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Ever considered registering for a trademark? What about a patent, or a trade dress? Alice Pang and Margarita Wallach of McCarter & English, LLP are here to teach you about the many different ways you can protect your brand from competition in the saturated natural food and beverage marketplace.
November 9, 2018
“As the food industry has become more saturated and as newer and smaller brands are coming into this space on a daily basis, shelf space has really become very competitive, and it’s shrinking. So it’s imperative that as you’re thinking about your product and brand that you pay attention to all of these factors [that make your product unique] so you can start creating brand equity, which becomes an invaluable corporate asset that you can later sell or license.”
—Margarita Wallach, McCarter & English, LLP
A brand goes beyond the product or service, it should evoke an emotional experience for the consumer
There must be one or some features that are unique to your brand alone, and this intellectual property should be protected through trademarks, copyright, patents, etc.
Not all trademarks are equal in strength
Descriptive and suggestive marks are attractive from a marketing perspective
Weaker marks can cause long-term problems; if others are using your mark, it will be more expensive to police
Weaker marks can harm your brand from a marketing angle
‘Trade dress’ is the total image of a product including its size, shape, color, color combinations, texture and graphics. They are crucial to identifying the product.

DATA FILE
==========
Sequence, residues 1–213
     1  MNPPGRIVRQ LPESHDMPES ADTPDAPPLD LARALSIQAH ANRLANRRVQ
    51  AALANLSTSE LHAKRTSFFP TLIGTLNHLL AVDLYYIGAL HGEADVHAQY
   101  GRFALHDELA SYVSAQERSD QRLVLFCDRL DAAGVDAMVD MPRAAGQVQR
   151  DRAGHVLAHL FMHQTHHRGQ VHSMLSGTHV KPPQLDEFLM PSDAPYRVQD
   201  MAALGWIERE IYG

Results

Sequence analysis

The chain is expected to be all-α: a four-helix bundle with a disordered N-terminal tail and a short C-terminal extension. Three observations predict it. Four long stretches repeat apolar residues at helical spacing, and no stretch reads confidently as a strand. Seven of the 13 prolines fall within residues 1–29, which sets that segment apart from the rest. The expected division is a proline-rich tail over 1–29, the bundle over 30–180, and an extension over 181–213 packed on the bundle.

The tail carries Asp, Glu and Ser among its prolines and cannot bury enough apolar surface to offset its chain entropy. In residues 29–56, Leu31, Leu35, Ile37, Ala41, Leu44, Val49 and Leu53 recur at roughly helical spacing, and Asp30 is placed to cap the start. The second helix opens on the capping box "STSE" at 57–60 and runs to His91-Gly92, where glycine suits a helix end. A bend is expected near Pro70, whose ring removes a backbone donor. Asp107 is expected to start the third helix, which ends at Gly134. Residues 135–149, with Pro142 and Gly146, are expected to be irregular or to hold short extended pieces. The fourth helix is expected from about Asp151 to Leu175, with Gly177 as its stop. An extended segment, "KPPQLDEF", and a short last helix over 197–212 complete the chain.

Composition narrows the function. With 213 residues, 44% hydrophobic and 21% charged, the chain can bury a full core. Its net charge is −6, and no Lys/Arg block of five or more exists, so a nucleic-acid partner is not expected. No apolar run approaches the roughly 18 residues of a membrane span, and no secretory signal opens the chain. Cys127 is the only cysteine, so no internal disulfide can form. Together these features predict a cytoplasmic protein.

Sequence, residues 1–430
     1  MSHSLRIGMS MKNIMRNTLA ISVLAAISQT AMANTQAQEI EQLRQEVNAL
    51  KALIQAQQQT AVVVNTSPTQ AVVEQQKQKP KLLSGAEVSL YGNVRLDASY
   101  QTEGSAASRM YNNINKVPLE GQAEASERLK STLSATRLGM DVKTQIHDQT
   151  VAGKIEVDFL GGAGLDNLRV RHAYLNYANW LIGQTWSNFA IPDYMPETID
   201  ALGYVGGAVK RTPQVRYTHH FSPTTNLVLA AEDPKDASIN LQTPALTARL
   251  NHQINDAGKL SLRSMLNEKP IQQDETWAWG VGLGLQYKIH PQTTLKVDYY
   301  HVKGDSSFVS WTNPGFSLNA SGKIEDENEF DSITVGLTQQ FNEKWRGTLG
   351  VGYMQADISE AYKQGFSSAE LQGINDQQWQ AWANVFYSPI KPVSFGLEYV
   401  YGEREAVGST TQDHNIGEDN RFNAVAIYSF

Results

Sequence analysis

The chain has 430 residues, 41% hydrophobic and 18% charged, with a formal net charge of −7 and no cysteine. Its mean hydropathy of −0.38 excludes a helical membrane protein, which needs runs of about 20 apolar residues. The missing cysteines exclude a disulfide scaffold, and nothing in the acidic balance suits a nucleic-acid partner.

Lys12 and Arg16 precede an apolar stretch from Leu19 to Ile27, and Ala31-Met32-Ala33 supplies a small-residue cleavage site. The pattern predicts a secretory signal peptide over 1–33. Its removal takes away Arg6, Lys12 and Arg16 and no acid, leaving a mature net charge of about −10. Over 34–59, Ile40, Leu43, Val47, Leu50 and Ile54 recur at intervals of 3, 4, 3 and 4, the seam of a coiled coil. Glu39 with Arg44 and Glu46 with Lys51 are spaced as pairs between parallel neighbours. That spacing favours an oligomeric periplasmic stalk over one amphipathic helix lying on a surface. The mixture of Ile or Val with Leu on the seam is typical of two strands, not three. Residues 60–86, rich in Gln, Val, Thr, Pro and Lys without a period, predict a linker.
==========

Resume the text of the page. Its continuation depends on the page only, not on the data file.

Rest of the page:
Trade dress may be registered if it is non-functional, distinctive and identifies the products of a particular source from those of others
Copyright law protects an original creative expression fixed in a tangible medium
Ornate/artistic designs or logos can be copyrighted
You should list a copyright notice–©–on your website and on any products or informational pamphlets
A copyright registration is needed to enforce your copyright in federal court
You can protect recipes via trade secret law so long as the recipe is of limited availability, has economic value, and is kept a secret
You don’t have to disclose the recipe, and manufacturers can sue should someone try to sell the formula to competitors
You can use a patent to protect a novel invention, such as storing peanut butter and jelly in the same jar, but in direct opposition to trade secret law you must disclose everything when applying for one
Remember that each IP right serves a different purpose, and they are not mutually exclusive
Identify intellectual property business assets and develop an overall strategy for the IP portfolio from the very start, even before launching
IP rights are strengthened by their profile in the marketplace and are weakened if unused or too similar to other brands’
Be consistent in trademark and/or copyright use
Police your unique mark and use the law to prevent competitors from infringing on your rights
Protect your brand like you would any other corporate asset
This session—Staying out of Hot Water: Words of Wisdom for Brand Love and Protection—was filmed at Natural Products Expo East 2018. Click 'download' below to access the presentation slides.
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